KATH: Bereaved families stranded over mortuary workers’ strike

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Some persons, who visited the Komfo Anokye Teaching Hospital (KATH) in Kumasi to retrieve the bodies of their loved ones deposited at the mortuary, were left stranded following a nationwide strike by mortuary workers.

Members of the Mortuary Workers Association of Ghana are on strike again less than two months after they called off a similar one.

The Mortuary unit of the Komfo Anokye Teaching Hospital had red banners tied against the gates to signify that they were embarking on a strike action.

Mortuary workers across the country are embarking on an indefinite strike to demand better conditions of service.

The workers say if the government does not respond positively to their demands, they will not return to work.

The first day of the strike has already started affecting families whose loved ones are being kept in the morgue.

Some persons disclosed to Citi News that they were unable to retrieve corpses due to the strike by the mortuary workers, even though they had made the necessary payments.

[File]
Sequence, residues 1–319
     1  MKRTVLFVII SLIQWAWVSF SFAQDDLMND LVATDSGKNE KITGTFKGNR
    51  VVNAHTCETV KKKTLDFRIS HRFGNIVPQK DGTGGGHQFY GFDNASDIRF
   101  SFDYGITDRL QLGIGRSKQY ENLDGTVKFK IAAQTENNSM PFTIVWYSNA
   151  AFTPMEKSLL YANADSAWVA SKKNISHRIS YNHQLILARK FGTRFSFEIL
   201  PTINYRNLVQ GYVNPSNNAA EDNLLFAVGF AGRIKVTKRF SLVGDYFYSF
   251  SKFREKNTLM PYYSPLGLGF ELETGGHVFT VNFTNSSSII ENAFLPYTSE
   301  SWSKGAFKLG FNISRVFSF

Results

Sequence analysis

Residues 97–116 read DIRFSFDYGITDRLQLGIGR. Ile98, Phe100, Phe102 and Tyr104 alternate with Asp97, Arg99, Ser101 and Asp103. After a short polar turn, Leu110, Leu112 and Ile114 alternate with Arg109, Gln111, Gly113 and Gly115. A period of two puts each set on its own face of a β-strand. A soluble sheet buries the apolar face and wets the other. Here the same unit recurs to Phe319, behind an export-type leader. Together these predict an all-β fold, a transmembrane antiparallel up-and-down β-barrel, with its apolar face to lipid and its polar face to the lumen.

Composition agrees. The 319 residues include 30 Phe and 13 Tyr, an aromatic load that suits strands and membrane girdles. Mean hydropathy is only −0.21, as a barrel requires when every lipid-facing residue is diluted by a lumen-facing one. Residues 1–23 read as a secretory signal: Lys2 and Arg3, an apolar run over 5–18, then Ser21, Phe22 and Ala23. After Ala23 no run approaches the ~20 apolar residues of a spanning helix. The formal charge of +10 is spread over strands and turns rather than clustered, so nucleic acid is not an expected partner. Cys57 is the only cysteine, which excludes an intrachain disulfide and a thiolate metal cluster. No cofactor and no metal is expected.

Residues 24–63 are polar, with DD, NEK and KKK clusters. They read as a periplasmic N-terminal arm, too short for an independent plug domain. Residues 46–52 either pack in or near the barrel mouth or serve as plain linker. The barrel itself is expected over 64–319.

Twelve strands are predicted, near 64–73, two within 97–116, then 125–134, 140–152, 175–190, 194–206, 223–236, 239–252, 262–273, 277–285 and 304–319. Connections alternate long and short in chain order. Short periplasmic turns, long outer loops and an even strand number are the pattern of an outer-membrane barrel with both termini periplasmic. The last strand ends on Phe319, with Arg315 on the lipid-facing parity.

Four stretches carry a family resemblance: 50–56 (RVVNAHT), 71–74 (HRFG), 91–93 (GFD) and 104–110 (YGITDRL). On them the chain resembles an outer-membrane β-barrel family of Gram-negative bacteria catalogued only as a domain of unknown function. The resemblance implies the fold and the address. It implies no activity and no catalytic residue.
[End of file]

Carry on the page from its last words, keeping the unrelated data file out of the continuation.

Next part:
The Chairman of the Mortuary Workers Union in the Ashanti Region, Emmanuel Assilfie, said they will only return to work when their grievances are fully addressed by government.

Speaking to Citi News, frustrated persons who were denied access to their bodies appealed to government to meet the demands of the mortuary workers in order to save them from such inconveniences.

Meanwhile, authorities of the Komfo Anokye Teaching Hospital say they have put measures in place to ensure that bodies that are due to be given to families are released.

They, however, noted that they’re no longer accepting new dead bodies in the mortuary as long as the strike continues.

This is the second time Mortuary workers are embarking on a strike after a similar one on March 4, 2019.

That strike was however called off after three days following government’s assurances.

However, negotiations between the Association and the Fair Wages and Salaries Commission appear to have broken down, forcing the workers to lay down their tools again.

During the three-day strike, several bereaved families were similarly left stranded at public mortuaries across the country; unable to retrieve the bodies of their loved ones for burial or deposit bodies.

The workers say they are overworked and not paid for their overtime services.

Among their complaints, the Association said most of the workers were employed as casual workers, and their jobs are not guaranteed.

In terms of remuneration, the Mortuary workers say they’re treated as the most unrecognized in the health sector, and for that matter, they’re the least paid on the salary structure of the Ministry of Health with no single allowance.


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